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Q. Who is Mr. Smarty Plants?

A: There are those who suspect Wildflower Center volunteers are the culpable and capable culprits. Yet, others think staff members play some, albeit small, role. You can torture us with your plant questions, but we will never reveal the Green Guru's secret identity.

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Ask Mr. Smarty Plants is a free service provided by the staff and volunteers at the Lady Bird Johnson Wildflower Center.

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Friday - September 19, 2014

From: Pittsford, MI
Region: Midwest
Topic: Plant Identification, Medicinal Plants, Shrubs
Title: Shrub with thorns, black fruit and citrus fragrance in Michigan
Answered by: Nan Hampton

QUESTION:

I'm not sure that my plant is a native, but I'm hoping to find some answer. There is a small patch of roadside shrubs on my property which I've been unable to identify. They have simple opposite smooth edged leaves and prominent thorns. The identifying characteristic is that in the fall they produce clusters of seed pods which are smaller than peas. The pods are perfectly round, start our orange or red and turn black. The seed pods, and the leaves as well, when crushed produce a very strong smell like orange peel.

ANSWER:

Mr. Smarty Plants thinks that this is the native shrub, Zanthoxylum americanum (Common pricklyash).  Here are photos showing the foliage of the shrub and more information from Illinois Wildflowers.  It is a member of the Family Rutaceae (Citrus Family) and as Illinois Wildflowers says:  "Both the crushed foliage and fruits are highly aromatic, somewhat resembling the fragrance of lemon peels."  You can see more photos from the Herbarium, Cofrin Center for Biodiversity, University of Wisconsin–Green Bay and also from the Robert W. Freckman Herbarium, Plants of Wisconsin, Univeristy of Wisconsin.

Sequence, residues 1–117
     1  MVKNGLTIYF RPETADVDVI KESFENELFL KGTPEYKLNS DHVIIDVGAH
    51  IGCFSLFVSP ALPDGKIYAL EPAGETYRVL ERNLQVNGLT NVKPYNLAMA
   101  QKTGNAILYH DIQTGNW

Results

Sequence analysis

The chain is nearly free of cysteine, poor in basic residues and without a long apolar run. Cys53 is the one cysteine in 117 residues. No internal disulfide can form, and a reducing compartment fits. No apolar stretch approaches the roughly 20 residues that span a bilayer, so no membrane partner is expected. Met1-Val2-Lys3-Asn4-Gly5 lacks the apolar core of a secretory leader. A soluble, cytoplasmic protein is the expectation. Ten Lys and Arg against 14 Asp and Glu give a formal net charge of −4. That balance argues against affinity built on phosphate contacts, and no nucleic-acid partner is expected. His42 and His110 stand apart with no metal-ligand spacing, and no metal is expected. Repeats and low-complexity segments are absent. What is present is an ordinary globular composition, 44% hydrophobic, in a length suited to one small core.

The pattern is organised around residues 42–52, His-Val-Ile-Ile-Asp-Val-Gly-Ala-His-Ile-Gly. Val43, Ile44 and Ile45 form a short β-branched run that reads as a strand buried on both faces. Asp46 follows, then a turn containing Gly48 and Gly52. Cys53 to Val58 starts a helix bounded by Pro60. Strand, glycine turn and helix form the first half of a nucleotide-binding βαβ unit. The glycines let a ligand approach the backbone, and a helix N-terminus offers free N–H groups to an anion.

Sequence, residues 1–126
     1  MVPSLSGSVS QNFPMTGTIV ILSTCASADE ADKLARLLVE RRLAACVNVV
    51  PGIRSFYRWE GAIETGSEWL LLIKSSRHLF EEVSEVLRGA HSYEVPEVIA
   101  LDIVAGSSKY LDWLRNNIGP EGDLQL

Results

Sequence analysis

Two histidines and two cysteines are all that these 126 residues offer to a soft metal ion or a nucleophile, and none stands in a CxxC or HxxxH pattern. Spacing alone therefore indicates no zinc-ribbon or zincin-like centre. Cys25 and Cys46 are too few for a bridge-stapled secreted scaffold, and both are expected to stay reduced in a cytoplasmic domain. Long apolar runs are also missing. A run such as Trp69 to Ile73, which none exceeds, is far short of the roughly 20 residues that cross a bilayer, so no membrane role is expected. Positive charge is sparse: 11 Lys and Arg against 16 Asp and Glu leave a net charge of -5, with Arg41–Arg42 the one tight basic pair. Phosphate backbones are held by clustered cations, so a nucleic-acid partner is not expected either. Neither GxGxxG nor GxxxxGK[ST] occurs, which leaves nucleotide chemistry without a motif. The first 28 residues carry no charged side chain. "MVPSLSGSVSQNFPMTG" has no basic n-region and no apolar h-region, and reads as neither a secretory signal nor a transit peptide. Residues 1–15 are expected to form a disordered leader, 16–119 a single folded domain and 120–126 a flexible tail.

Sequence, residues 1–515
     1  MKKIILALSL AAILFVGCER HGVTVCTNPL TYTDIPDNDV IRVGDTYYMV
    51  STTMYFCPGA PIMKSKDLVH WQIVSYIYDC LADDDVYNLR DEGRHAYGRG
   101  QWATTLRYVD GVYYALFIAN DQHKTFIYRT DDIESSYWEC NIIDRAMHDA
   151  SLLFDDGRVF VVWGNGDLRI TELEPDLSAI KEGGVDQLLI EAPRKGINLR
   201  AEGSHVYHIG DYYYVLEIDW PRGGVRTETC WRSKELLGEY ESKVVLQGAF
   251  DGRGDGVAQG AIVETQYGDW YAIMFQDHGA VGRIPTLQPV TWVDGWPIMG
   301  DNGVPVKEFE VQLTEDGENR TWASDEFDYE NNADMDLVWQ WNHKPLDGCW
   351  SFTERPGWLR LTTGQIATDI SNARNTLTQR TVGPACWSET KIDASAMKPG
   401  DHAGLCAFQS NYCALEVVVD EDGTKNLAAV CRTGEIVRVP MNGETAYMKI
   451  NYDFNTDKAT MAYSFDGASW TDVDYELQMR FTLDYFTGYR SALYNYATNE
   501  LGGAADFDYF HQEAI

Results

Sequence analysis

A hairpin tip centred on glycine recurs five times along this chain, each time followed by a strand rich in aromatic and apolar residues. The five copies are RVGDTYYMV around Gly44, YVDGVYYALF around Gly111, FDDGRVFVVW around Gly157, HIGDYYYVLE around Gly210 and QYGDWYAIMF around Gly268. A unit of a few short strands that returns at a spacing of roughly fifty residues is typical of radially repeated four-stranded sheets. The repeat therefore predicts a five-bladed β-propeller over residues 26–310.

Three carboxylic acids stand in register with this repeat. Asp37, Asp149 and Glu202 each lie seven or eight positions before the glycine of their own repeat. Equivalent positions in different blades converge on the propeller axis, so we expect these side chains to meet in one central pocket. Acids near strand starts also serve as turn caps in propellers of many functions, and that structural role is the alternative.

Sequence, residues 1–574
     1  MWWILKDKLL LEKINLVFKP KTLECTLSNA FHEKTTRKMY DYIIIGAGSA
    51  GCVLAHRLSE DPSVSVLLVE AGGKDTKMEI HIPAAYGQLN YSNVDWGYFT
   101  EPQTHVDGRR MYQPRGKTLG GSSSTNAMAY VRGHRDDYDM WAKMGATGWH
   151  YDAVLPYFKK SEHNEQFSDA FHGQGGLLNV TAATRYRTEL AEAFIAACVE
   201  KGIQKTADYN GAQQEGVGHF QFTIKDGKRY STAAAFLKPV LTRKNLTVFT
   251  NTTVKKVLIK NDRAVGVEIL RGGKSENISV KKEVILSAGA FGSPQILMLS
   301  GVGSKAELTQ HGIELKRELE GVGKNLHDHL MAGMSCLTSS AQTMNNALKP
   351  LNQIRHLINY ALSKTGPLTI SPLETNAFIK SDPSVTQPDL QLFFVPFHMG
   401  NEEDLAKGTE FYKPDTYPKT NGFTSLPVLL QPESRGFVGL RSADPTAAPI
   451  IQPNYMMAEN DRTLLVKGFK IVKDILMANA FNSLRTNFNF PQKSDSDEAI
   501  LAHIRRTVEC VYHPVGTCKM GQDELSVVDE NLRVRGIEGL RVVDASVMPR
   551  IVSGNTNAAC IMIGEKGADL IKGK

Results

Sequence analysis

You may have noticed the common name "Toothache tree" associated with this plant on our species page. If you visit the University of Michigan–Dearborn's Native American Ethnobotany database and enter "Zanthoxylum" in the Search String slot, you will see that various preparations of the bark were used to treat toothache by a number of Native American tribes ( e.g., Alabama, Comanche, Iroquois).  This database shows many other medical remedies for this plant that were used by Native Americans.  Plants for a Future also cites medicinal uses and says the seeds can be used as a pepper substitute.

Zanthoxylum hirsutum (Texas hercules' club) that is native to Central Texas (where the Wildflower Center is located) also has "toothache tree" as one of its common names.  Another of its common names is "tickle-tongue" and "tingle tongue".  A quote from the species page in our Native Plant Database says:  "Bark, leaves, and fruit all numb the mouth and have been used to treat mouth pain, including toothache, hence its common name, Toothache Tree."  This particular Mr. Smarty Plants can testify that especially the new leaves when chewed numb the tongue and make it tingly.  I  haven't tried the fruits but apparently they can be substituted for Szechuan peppers that are used in Chinese dishes.  Szechuan peppers are identified as several species in the same genus, Zanthoxylem (e.g., Z. simulans, Z. bungeanum, Z. schinifolium).  I couldn't find any references that said the leaves or berries of Z. americanum numb the tonugue.

 

From the Image Gallery


Common pricklyash
Zanthoxylum americanum

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